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Motivation: Genetic networks are often described statistically by graphical models (e.g. Bayesian networks). However, inferring the network structure offers a serious challenge in microarray analysis where the sample size is small compared to the number of considered genes. This renders many standard algorithms for graphical models inapplicable, and inferring genetic networks an “illposed” inverse problem. Methods: We introduce a novel framework for smallsample inference of graphical models from gene expression data. Specifically, we focus on socalled graphical Gaussian models (GGMs) that are now frequently used to describe gene association networks and to detect conditionally dependent genes. Our new approach is based on (i) improved (regularized) smallsample point estimates of partial correlation, (ii) an exact test of edge inclusion with adaptive estimation of the degree of freedom, and (iii) a heuristic network search based on false discovery rate multiple testing. Steps (ii) and (iii) correspond to an empirical Bayes estimate of the network topology. Results: Using computer simulations we investigate the sensitivity (power) and specificity (true negative rate) of the proposed framework to estimate GGMs from microarray data. This shows that it is possible to recover the true network topology with high accuracy even for smallsample data sets. Subsequently, we analyze gene expression data from a breast cancer tumor study and illustrate our approach by inferring a corresponding largescale gene association network for 3,883 genes. Availability: The authors have implemented the approach in the R package “GeneTS ” that is freely available from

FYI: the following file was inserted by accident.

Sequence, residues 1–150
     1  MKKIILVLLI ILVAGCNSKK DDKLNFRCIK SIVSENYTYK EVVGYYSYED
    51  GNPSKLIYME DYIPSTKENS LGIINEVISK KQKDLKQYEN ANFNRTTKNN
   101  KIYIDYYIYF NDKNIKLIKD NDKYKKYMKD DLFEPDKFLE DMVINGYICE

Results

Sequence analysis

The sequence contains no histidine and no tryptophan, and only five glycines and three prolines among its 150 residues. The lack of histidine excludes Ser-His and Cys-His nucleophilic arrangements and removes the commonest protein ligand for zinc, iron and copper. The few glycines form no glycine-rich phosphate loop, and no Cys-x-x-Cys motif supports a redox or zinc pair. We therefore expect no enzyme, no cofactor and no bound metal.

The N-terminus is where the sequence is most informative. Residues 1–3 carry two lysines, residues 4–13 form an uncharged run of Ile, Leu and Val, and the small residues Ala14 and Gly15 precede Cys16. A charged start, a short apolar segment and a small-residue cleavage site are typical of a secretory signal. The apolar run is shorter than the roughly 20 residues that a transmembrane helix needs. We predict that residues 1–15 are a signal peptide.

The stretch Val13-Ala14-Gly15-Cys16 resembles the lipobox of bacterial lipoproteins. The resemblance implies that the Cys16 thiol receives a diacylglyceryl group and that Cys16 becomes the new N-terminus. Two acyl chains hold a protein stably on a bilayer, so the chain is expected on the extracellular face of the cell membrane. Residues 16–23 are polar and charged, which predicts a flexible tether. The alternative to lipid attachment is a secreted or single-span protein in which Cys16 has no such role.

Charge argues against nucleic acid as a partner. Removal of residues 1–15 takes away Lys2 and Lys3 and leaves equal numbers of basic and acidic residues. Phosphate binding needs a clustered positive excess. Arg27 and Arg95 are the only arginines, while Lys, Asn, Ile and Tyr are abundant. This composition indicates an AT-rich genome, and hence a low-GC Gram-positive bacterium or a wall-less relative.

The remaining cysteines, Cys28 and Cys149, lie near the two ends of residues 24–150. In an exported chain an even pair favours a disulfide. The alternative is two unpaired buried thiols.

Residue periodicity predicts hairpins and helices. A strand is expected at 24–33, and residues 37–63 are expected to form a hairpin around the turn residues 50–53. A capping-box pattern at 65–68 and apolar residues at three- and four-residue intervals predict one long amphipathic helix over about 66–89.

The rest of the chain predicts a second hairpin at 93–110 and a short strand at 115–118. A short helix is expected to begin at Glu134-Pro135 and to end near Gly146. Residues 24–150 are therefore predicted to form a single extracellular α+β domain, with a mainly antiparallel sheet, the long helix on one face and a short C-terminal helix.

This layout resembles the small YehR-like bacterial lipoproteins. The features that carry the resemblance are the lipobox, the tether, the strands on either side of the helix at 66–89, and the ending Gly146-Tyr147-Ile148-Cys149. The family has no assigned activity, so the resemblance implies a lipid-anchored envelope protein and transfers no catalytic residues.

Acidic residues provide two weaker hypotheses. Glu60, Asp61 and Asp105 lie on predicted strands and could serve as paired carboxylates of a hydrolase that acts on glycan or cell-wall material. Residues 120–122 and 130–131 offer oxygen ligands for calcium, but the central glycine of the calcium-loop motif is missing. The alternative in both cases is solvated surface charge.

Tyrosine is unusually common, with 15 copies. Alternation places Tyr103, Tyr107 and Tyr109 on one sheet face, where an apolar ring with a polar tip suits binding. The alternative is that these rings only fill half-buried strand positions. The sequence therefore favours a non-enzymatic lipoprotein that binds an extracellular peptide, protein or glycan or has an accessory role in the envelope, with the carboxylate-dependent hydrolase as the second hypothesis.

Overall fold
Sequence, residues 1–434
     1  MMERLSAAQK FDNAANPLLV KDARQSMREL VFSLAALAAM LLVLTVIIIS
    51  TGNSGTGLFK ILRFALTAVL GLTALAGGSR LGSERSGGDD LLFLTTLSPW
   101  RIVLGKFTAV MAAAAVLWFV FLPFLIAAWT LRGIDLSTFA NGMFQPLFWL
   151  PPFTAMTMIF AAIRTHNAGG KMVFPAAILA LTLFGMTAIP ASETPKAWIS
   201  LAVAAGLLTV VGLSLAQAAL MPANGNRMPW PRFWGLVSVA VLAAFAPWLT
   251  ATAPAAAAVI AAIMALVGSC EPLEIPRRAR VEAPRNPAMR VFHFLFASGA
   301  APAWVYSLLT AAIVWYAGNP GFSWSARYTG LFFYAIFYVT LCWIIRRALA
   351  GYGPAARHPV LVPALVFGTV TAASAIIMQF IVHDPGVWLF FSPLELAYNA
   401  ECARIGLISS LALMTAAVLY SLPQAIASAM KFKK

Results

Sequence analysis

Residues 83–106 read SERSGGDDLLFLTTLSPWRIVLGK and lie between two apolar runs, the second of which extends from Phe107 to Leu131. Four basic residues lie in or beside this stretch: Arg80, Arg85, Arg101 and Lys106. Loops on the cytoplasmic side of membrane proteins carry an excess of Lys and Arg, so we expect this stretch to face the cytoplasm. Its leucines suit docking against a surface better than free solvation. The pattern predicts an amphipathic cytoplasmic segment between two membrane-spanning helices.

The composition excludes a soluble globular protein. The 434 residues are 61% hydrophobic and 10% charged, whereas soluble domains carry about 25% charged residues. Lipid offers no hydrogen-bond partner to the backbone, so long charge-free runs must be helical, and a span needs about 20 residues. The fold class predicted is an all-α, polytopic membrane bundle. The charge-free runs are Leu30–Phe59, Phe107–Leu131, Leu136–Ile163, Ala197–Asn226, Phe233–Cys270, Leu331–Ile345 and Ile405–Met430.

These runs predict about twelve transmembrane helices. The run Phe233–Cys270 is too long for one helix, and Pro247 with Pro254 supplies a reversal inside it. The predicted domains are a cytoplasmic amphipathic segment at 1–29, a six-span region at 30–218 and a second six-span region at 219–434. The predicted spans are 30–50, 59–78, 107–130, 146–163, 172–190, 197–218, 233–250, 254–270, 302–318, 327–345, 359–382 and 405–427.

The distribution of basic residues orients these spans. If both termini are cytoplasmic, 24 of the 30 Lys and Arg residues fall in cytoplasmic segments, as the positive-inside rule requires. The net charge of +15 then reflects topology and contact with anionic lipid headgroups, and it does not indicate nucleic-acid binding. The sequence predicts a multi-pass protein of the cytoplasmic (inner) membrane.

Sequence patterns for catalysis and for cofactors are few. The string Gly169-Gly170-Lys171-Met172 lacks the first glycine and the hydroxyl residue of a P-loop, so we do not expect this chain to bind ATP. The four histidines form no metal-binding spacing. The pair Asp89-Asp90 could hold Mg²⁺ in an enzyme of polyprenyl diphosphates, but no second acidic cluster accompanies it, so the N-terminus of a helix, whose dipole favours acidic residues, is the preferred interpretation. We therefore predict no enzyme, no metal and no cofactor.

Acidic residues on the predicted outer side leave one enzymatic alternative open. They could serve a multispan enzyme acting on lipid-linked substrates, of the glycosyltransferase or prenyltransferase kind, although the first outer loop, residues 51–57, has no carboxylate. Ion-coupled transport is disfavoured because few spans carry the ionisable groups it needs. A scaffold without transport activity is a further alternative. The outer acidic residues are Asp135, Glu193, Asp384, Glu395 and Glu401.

Identifying differentially expressed genes using false discovery rate controlling procedures
 BIOINFORMATICS 19: 368–375
, 2003
"... Motivation: DNA microarrays have recently been used for the purpose of monitoring expression levels of thousands of genes simultaneously and identifying those genes that are differentially expressed. The probability that a false identification (type I error) is committed can increase sharply when th ..."